Selected Cuttings from the Gardens This Month
Month by Month
- January: Heather, hellebore, holly, mahonia, sarcococca, witch hazel, the Winter Garden.
- February: Daphne, dogwood, chimonanthus, heather, hellebore, holly, rhododendron, sarcococca, witch hazel, the Winter Garden.
- March: Camellia, flowering cherry, corylopsis, daphne, forsythia, heather, hellebore, magnolia, rhododendron, witch hazel.
- April: Azalea Way, barberry, camellia, flowering cherry, halesia, maple, madrona, magnolia, rhododendron, serviceberry.
- May: Crab apple, dogwood, magnolia, mountain ash, rhododendron, red bud,serviceberry.
- June: Rock roses, brooms, Korean dogwood, rhododendrons, stewartia, styrax.
- July: Stewartia, eucryphia, hydrangeas, maackias. Tree Tour trail map
- August: Eucryphias, hydrangea, sorrel trees, crabapples(fruit). Tree Tour trail map
- September: Franklinia, Japanese maples, sorrel trees. Tree Tour trail map
- October: Fall Colors: Japanese maples, witch hazels, sourgums, sorrel trees, buckeyes, strawberry trees, mountain ash. Tree tour trail map
- November: Hollies, callicarpa, mountain ash, viburnum. Tree tour trail map
- December: Sarcococca, hollies, the Winter Garden.
1) Araucaria araucana (Monkey Puzzle)
- Native to Chile, no other conifer quite like it!
- Seeds are used to make an alcoholic ceremonial drink called mudai.
2) Picea glauca (White Spruce)
- Native to northern temperate forests of North America.
- Captain Cook made a spruce beer, possibly curing his crew from scurvy.
3) Pinus cembra (Swiss Stone Pine)
- Native to Alps of Central Europe.
- Try a Royal Tannenbaum cocktail made with Zirbenz Stone Pine liqueur!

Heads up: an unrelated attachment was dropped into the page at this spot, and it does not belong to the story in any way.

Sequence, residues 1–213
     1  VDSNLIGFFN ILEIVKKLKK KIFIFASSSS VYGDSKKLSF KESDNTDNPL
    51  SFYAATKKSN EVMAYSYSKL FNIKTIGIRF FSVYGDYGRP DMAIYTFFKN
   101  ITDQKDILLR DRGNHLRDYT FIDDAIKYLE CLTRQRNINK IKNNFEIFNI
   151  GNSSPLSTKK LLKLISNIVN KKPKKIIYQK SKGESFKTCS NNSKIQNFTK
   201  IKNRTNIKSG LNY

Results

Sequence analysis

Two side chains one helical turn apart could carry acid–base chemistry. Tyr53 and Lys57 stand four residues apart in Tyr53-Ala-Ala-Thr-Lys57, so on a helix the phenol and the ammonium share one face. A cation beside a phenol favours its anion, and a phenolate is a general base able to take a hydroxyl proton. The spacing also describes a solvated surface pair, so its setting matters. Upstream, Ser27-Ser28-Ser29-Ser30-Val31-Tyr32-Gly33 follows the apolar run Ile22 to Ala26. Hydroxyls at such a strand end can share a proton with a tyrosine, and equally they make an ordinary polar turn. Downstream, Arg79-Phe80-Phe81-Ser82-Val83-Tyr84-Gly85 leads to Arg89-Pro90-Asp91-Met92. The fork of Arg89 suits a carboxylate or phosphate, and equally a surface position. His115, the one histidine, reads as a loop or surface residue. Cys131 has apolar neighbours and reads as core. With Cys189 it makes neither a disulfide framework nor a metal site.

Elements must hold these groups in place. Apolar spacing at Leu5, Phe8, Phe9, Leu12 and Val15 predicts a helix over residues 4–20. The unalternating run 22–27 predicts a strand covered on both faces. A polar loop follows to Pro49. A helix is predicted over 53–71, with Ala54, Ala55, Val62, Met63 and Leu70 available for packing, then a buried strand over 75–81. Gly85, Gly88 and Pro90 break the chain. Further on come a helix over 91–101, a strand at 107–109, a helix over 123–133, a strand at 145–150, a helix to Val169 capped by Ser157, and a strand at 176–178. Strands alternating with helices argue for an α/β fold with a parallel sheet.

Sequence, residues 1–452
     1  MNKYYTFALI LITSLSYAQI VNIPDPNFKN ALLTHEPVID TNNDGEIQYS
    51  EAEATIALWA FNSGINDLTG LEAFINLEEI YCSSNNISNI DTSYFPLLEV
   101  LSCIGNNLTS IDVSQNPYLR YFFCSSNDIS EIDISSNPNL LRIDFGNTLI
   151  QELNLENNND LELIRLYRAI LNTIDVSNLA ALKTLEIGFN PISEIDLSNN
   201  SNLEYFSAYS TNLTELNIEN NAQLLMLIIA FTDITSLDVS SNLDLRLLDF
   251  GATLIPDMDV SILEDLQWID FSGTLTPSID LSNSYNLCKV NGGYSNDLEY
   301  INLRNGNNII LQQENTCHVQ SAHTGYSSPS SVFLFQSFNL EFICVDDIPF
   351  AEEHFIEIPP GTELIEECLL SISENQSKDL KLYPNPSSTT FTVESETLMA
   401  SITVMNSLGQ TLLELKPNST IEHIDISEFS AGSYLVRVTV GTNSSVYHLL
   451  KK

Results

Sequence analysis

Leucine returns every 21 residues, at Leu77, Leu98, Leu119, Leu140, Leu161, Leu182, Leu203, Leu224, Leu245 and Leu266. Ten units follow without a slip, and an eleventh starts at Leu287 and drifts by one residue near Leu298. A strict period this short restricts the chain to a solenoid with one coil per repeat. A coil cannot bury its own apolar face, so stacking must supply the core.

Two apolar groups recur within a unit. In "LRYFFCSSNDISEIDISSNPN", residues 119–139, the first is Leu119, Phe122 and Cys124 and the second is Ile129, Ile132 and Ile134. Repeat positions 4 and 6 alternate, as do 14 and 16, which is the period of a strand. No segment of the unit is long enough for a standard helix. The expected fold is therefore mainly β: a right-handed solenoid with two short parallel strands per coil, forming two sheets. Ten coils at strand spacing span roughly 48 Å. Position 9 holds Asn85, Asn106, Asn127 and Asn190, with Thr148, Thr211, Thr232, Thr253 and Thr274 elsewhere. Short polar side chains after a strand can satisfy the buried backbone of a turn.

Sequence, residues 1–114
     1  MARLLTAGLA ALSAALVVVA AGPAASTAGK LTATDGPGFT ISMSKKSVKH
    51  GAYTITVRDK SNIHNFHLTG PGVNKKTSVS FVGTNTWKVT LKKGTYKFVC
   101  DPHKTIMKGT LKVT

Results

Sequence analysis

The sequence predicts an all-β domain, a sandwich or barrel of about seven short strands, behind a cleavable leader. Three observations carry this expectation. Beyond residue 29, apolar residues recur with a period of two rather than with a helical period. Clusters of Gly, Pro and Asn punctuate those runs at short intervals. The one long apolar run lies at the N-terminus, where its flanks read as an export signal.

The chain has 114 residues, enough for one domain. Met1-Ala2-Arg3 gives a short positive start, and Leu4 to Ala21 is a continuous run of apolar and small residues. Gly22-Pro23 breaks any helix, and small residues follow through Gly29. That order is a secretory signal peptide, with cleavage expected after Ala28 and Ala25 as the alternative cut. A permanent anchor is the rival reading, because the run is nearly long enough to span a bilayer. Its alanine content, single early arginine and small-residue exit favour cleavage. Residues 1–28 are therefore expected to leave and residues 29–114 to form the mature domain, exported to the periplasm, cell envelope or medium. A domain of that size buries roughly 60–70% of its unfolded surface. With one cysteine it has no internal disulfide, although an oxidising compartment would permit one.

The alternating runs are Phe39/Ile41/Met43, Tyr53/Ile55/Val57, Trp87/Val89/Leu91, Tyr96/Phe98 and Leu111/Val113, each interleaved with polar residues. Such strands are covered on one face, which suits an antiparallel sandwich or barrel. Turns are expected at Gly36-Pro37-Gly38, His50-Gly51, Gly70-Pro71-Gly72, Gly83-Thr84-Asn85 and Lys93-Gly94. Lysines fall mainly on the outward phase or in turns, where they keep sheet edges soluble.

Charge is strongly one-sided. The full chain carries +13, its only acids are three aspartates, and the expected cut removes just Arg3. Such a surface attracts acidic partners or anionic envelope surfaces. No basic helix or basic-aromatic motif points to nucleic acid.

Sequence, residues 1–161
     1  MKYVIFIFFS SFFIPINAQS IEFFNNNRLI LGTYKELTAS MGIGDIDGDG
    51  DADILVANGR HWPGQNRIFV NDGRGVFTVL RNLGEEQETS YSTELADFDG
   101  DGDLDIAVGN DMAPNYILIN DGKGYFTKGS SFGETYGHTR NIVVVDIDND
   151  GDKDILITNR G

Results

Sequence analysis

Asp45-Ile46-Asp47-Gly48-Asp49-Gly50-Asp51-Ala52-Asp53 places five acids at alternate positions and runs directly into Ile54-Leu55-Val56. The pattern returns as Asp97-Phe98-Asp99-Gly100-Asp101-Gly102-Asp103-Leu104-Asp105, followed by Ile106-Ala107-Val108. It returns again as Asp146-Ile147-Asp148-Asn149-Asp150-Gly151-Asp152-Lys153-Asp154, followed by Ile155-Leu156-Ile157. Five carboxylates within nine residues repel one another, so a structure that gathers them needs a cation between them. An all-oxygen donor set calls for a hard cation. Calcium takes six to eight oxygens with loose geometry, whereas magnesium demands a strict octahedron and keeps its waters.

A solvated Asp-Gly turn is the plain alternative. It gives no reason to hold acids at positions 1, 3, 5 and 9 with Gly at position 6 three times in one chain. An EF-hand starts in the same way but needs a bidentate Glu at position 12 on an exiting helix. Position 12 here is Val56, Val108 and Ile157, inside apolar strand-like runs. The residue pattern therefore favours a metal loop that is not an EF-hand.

4) Pseudotsuga menziesii (Douglas Fir)
- Native to our “neck of the woods”.
- McCarthy’s Clear Creek Distillery (in Portland OR) makes a green spirit from Douglas Fir buds called Douglas Fir eau-de-vie.
5) Taiwania cryptomerioides (Coffin Tree)
- Native to eastern Asia.
- Imbibe too much and you may wind up in a box made from this tree.
* All references to alcoholic drinks are from the book, The Drunken Botanist
by Amy Stewart, ©2013, Algonquin Books of Chapel Hill.
NOTE: Use our interactive on-line map for location and other information on the above
[Enter Latin name in search box in the upper right corner.]
1) Callicarpa bodinieri var. giraldii ‘Profusion’ (Beautyberry)
- Native to western China.
- Ornamental purple berries on display in autumn months.
- Specimen located north of the Wilcox Bridge by the parking lot.
2) Gaultheria mucronata ‘Rubra’
- Native to southern Chile.
- Formerly known as Pernettya, this particular variety has carmine pink berries.
- Specimen is located in the Chilean Gateway Garden.
3) Grevillea victoriae ‘Marshall Olbricht’
- Native to Australia. This cultivar is from a seedling, possibly a hybrid, named for the co-founder of Western Hills Nursery in California.
- Exotic orange flowers persist throughout winter – loved by hummingbirds.
- Specimen located in the Australian entry garden at Pacific Connections.
4) Quercus cerris (Turkey Oak)
- Native to southern Europe.
- Notable for hairy caps on the acorns. Trunk can reach six feet in diameter.
- Specimen located in the Viburnum Collection near Lake Washington Boulevard.
5) Wollemia nobilis (Wollemi Pine)
- Not a pine, but a member of Araucaceae, the family of the Monkey Puzzle Tree.
- Wollemia was known only from fossil records until it was discovered in Australia’s Wollemi National Park in 1994 by David Noble, hence its name.
- Our specimen is growing at the bus turnaround on Arboretum Drive.